What’s in Your Backpack?

Here is a preview of Sunday’s Sermon (Aug 1, 2010), Luke 12:13-21.

I’ve taken part in a lot of funerals this year.  It gives you a perspective on priorities in life.

When my daughter and I both graduated (long story), we celebrated by going backpacking on the Appalachian Trail.  I learned a lot about life from that trip.  The first lesson was, “No Turning Back.”

Mr. Jewell Church was the proprietor who agreed to take us from our destination to the drop-off point about thirty miles south of where we left our car.  We put our backpacks in the back of his pickup truck and took a scenic and winding ride through the hills of North Carolina.  After a half-hour or so or enjoying his company, he dropped us off at the bottom of a steep and long hill.  As we were strapping on our backpacks, we watched him quickly drive away.  We looked back at his disappearing tailgate and up at the steep climb ahead and realized–this is for real.  There is no turning back now.

Later I reflected on what we carried in our backpacks.  First the necessary items for survival: a three day’s supply of food, our tents and sleeping bags, a few basic survival utensils, a water purifier and bags to carry water in after we found it and filtered it.  You don’t want to drink in some nasty parasite a three days’ journey from civilization.

Next were the necessary tools for the mission, to accomplish what we wanted to accomplish on the journey.  Both of us brought cameras and journals.  What we wanted to accomplish was the experience, but we also wanted to preserve the memory.  I crafted a walking stick along the way, using my Swiss army knife, and still have it as a souvenir.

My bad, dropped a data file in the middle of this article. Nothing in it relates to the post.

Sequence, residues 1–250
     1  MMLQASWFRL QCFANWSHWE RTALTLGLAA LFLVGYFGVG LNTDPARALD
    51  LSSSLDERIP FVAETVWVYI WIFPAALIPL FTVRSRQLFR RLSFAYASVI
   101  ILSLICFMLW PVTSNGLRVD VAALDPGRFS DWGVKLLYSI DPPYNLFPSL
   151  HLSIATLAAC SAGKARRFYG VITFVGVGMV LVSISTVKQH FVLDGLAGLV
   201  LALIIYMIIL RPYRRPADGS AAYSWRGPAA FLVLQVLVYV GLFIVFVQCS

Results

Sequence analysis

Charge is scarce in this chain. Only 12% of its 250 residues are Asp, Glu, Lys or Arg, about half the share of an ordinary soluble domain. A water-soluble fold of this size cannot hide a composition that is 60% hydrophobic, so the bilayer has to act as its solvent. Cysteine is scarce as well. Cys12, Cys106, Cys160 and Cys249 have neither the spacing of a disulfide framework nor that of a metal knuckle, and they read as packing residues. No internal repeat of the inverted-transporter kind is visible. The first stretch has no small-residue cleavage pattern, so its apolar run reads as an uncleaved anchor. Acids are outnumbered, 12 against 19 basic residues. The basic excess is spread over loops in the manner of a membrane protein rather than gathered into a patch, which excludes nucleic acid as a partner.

The third category was small: whatever luxuries we wanted–as long as we were willing to carry them on our backs.   Not knowing any better, we packed one of my wife’s prize quilts.  We brought it back unharmed, but realized it was heavier and bulkier than we needed.  But my daughter enjoyed it.  We also brought some canned chicken breast fillets.  Again, it was more weight than was necessary, but a pleasant relief from trail mix, granola, and beef jerky.

I have remembered that ever since.  Some possessions are necessary, and some luxuries make life more enjoyable–but we do carry them on our backs.  Life’s journey is easier when we keep it simple.

There is another fact about possessions and wealth, according to Jesus’ parable.  We will have to give account for them.

God will hold us accountable for how we acquired our wealth and possessions, what we sacrificed to get them, who we hurt, helped, or neglected along the way, and what our attachment to them shows about our priorities.

We are more than material creatures.  While we can’t avoid living in this life and dealing with material things, we need to keep an eternal perspective.

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Peddling Peace

Marco Polo?

Marco Polo?

About ten years ago I went on a backpacking adventure on the Apallachian Trail with my daughter, who had just graduated from high school.  Some day I’ll describe some of our adventures, but right now I’m thinking of some of the interesting characters we met on the trail.  Some of them included men who had left the rat race of high-pressure careers to go for a long walk and sort things out.

Marco Löchner is a young man like that.  This December he began a bicycle Odyssee from Berlin that will take him to Hanoi.  He is going to interview the people he meets along the way.  Marco and his team just recently passed through Lithuania.  Maybe I should have deferred my Sabbatical and joined him on the adventure.  Maybe my colleague Wes would have even joined.

But I have had my own adventures and look forward to more in the future.  For now, here’s wishing Happy Trails to Marco and team.  (More here)

Did I say bicycle? Now that I have seen the video of Marcos peddling through the snow in Lithuania, his ride is acutally a 4-wheeled cycle with a trailer attached for his gear.  But it is definitely a human powered vehicle.  Check out the video from Lithuania TV by clicking here.

Photos from Prague